2006 Student Research Conference:
19th Annual Student Research Conference


Development of human cancer cells with Let-7 microRNA genes
Melvin E. Omodon
Dr. Scot Hammond (University of North Carolina Chapel Hill), Dr. Stephanie Fore, and Dr. Anton Weisstein, Faculty Mentors

MicroRNAs (miRNAs) are a class of RNAs found in organisms ranging from nematodes to plants to humans that post-transcriptionally regulate gene expression. Let-7 miRNA have been shown to play a role in development and is disregulated in cancer cells. Preliminary data suggest that, contrary to expectation, expression of primary transcript miRNA does not correlate with expression of mature miRNA. The objective of this study is to develop human cancer cell lines with Let-7 miRNA genes to study proteins involved in secondary regulation of these molecules. Plasmids containing miRNA targets and reporter proteins were constructed. E. coli cells were transformed with plasmids constructs and screened with antibiotics. Viruses were transfected with plasmid containing Let-7 miRNA genes and used to infect human cancer cells. These cells are being used to study proteins involved in the secondary regulation of Let-7 miRNA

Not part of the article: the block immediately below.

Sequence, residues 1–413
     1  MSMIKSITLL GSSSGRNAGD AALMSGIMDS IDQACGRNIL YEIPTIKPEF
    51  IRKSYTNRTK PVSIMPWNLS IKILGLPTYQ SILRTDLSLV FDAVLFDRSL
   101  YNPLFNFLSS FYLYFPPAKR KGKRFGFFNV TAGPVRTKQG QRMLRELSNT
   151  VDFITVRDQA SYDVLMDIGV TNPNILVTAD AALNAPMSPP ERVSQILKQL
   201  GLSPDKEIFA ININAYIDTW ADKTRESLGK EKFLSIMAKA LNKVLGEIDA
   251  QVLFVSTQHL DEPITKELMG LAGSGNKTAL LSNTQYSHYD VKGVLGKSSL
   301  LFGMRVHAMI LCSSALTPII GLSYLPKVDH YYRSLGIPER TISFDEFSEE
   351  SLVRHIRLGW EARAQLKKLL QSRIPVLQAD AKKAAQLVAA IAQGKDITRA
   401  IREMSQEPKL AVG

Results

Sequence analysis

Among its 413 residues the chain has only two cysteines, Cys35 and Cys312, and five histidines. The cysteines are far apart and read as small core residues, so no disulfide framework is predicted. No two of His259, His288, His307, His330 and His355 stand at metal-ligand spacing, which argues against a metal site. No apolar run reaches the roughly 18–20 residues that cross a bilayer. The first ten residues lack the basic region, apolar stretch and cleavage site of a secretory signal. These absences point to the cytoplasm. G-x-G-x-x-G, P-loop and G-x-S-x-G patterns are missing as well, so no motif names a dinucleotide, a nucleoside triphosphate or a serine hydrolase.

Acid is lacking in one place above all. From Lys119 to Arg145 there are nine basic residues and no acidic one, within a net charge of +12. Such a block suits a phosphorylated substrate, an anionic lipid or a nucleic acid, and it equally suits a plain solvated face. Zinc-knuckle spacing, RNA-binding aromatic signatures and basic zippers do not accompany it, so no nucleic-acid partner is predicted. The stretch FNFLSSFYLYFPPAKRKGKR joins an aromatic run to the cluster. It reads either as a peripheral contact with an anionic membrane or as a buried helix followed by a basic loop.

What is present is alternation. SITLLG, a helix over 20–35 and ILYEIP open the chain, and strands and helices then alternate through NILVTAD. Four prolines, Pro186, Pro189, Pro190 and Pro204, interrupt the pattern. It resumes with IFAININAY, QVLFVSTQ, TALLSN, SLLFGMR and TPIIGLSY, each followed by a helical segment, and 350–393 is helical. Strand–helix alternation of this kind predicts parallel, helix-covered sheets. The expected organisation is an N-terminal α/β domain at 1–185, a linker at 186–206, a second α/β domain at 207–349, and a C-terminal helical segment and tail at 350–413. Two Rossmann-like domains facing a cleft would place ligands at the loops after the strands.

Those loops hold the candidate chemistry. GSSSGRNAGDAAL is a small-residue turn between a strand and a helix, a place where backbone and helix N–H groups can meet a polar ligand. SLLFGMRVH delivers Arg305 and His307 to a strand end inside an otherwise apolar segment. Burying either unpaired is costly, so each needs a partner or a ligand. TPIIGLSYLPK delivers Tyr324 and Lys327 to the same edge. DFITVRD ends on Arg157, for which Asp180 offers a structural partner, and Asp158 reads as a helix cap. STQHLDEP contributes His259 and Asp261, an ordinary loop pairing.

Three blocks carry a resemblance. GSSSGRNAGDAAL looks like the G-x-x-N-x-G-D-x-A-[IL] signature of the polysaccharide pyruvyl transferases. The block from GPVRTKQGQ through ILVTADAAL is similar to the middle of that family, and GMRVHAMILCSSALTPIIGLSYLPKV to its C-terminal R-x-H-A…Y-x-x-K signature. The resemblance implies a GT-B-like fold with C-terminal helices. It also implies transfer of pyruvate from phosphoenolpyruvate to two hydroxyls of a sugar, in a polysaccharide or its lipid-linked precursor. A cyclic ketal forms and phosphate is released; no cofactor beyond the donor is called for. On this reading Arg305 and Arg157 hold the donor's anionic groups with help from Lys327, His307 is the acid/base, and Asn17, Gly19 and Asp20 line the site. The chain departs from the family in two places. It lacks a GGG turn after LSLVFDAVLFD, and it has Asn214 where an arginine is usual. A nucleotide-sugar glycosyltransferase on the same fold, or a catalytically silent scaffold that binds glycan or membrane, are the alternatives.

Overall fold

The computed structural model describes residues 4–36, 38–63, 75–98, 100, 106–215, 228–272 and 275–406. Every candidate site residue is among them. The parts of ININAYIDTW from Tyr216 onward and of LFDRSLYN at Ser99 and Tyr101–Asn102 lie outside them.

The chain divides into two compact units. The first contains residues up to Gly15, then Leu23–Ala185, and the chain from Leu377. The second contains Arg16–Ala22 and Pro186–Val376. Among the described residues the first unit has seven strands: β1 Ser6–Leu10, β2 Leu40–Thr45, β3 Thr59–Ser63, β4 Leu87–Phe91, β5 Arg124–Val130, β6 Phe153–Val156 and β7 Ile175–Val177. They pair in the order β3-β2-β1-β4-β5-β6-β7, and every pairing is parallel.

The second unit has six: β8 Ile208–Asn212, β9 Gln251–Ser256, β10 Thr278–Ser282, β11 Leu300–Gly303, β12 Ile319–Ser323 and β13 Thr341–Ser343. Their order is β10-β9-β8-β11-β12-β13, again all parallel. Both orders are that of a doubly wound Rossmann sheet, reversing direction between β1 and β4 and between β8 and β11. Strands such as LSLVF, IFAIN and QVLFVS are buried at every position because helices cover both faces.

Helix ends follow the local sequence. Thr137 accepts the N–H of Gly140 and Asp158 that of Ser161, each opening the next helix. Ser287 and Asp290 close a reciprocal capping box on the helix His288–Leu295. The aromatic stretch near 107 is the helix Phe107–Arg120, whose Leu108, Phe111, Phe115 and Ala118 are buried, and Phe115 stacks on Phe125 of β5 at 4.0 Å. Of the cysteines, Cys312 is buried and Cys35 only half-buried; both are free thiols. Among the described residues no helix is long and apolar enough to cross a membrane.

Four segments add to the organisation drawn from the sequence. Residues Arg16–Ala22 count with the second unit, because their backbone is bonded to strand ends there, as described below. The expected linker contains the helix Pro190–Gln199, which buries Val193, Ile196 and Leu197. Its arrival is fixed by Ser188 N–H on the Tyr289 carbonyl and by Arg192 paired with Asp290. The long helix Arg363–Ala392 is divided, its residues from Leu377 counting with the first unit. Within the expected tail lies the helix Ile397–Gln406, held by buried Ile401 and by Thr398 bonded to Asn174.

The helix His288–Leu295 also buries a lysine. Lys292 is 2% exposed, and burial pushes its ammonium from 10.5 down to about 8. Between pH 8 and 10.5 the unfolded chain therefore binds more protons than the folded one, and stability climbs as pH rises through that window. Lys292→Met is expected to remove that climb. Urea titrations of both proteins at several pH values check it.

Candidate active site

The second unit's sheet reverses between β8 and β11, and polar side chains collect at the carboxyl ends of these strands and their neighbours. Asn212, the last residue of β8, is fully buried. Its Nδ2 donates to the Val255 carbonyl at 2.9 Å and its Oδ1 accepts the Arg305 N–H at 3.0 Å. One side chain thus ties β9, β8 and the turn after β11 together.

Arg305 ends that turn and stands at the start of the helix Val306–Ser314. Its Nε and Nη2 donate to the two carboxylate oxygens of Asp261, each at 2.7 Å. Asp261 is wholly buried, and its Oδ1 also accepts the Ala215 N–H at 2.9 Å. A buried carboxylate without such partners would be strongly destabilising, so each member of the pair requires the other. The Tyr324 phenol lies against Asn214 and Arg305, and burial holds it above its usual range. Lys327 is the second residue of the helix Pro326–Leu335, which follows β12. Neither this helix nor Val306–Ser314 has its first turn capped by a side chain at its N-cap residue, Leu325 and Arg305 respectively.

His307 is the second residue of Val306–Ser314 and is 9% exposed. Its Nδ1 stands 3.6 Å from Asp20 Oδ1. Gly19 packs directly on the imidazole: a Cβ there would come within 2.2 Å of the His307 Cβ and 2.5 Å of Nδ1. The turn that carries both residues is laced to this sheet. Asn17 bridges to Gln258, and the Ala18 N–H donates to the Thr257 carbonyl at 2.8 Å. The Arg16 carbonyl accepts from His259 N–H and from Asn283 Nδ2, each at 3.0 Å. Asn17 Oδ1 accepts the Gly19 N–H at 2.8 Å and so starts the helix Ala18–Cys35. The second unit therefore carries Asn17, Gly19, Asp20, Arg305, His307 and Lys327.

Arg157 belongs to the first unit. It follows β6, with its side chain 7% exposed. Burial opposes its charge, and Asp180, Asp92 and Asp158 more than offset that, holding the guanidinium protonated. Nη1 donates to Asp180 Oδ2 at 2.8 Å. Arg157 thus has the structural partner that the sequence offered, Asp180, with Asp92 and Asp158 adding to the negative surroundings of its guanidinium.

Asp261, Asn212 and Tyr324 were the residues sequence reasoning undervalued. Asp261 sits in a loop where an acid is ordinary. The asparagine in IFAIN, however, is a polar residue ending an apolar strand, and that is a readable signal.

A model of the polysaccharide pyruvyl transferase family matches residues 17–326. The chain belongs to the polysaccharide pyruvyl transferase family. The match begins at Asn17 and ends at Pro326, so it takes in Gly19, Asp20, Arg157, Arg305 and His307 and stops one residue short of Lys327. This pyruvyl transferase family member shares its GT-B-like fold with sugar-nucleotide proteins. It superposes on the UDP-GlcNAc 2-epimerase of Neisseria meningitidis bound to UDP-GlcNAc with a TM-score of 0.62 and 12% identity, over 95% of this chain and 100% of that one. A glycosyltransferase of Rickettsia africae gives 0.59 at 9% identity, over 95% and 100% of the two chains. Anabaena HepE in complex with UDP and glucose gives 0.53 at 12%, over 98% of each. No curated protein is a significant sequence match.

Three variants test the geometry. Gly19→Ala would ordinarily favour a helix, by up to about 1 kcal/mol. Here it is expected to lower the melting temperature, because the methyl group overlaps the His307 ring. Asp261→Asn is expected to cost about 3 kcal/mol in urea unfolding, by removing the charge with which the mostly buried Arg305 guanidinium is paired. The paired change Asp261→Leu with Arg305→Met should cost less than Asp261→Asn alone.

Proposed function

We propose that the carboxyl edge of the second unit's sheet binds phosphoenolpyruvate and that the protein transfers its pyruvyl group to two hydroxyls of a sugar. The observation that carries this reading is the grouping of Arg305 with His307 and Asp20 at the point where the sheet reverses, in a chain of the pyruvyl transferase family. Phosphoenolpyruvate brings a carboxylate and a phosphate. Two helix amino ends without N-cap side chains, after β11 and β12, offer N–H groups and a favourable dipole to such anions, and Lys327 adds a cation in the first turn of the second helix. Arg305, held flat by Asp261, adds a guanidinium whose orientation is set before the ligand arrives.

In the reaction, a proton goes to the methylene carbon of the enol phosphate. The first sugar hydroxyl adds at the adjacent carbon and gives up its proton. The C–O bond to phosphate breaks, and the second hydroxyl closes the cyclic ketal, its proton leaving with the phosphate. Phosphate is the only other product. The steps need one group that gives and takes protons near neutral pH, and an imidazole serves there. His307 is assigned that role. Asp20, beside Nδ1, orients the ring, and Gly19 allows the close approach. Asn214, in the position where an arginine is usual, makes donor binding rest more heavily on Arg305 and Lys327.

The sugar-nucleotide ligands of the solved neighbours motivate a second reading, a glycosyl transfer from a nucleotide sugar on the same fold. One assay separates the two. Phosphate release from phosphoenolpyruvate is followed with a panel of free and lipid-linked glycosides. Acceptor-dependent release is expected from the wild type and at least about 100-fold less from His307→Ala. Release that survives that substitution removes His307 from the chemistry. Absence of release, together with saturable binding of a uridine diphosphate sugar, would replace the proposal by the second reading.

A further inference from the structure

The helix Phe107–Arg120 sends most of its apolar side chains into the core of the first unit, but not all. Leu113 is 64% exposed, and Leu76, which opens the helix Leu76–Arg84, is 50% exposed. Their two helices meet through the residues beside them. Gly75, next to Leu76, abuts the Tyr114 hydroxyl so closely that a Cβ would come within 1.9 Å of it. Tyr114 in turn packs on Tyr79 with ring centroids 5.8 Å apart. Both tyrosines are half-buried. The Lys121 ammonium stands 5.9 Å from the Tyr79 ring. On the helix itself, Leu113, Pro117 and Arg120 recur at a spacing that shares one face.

Keywords: Genetics, MicroRNA, Post-transcriptional, RNA interference, Gene Silencing, Hela Cells, Transfection


Presentation Type: Oral Paper

Session: 52-3
Location: VH 1408
Time: 3:15

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